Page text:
THUNDER BAY – The Ontario government have announced the permanent waiver of fees associated with death records and the process of reclaiming traditional Indigenous names. This initiative aims to ease the financial and administrative burden on Indigenous communities and individuals affected by the Indian Residential Schools system.
Financial Relief for Indigenous Communities
Todd McCarthy, Minister of Public and Business Service Delivery, acknowledges the enduring impact of Indian Residential Schools on Indigenous communities. He emphasized the government’s commitment to reconciliation, stating that the initiative is a step towards making vital records and services more accessible and affordable for Indigenous peoples.
“The tragic legacy of Indian Residential Schools continues to be a source of pain and suffering within Indigenous communities,” said Todd McCarthy, Minister of Public and Business Service Delivery. “Our government is committed to advancing reconciliation and making it easier and more affordable for Indigenous people to access records and services.”
Streamlined Process for Death Records
The government has introduced a simplified, one-window process for locating death records of children who attended Indian Residential Schools in Ontario. This eliminates the need for multiple requests across different offices, reducing the complexity and emotional burden for families seeking this information. Fees for death registration searches, death certificates, and certified copies of death registrations, as well as for delayed death registrations for Indian Residential School attendees, have been permanently waived.
Supporting Traditional Name Reclamation
The fee waiver also extends to Indian Residential School survivors and their families looking to reclaim their traditional names. This move recognizes the cultural importance of names and supports individuals in restoring their Indigenous identity. The waiver applies to those seeking to change to a single name in line with their traditional culture.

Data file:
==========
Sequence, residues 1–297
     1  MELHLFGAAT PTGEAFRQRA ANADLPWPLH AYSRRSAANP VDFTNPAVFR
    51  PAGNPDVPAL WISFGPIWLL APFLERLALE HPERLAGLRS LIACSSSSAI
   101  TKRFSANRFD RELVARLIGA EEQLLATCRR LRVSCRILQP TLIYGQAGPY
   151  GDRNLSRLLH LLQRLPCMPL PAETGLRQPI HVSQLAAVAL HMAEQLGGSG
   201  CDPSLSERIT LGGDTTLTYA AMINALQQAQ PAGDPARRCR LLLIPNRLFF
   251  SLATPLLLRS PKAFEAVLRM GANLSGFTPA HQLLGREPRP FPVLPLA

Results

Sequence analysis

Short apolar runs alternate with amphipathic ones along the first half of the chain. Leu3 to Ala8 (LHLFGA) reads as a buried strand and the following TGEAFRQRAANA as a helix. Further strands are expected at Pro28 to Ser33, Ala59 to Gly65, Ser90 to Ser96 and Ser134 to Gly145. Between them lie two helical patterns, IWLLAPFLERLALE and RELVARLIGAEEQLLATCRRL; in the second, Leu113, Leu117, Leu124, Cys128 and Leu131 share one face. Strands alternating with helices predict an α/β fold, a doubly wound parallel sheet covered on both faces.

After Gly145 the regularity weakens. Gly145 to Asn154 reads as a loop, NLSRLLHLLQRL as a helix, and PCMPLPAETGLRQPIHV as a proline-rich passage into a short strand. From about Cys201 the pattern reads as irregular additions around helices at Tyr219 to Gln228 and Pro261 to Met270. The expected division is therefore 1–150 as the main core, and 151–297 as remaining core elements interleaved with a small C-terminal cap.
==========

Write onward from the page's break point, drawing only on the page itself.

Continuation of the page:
Fees are also being permanently waived for Indian Residential School survivors and their families to reclaim a traditional name through a change of name, and Indigenous peoples seeking to change their name to a single name if it is in accordance with their traditional culture. “Our government has heard from Indigenous partners and leadership, and by introducing permanent measures, we are improving access to provincial services and programs,” said Greg Rickford, Minister of Indigenous Affairs. “Today’s announcement demonstrates our commitment to making reconciliation real for First Nation communities by taking meaningful action to ensure supports are available at every step of their journey towards healing.”
Expanding Access to Government Services
Minister of Indigenous Affairs Greg Rickford highlighted that these changes reflect the government’s responsiveness to Indigenous communities’ needs. These efforts complement existing initiatives like the North Shore Tribal Council Indigenous-led ServiceOntario centre and other remote service options, ensuring broader access to government services.
- Over 55 services are available online at any time.
- ServiceOntario completes around 59 million transactions annually.
- Renewal reminders for important products can be set up at Ontario.ca/Reminders or by calling ServiceOntario.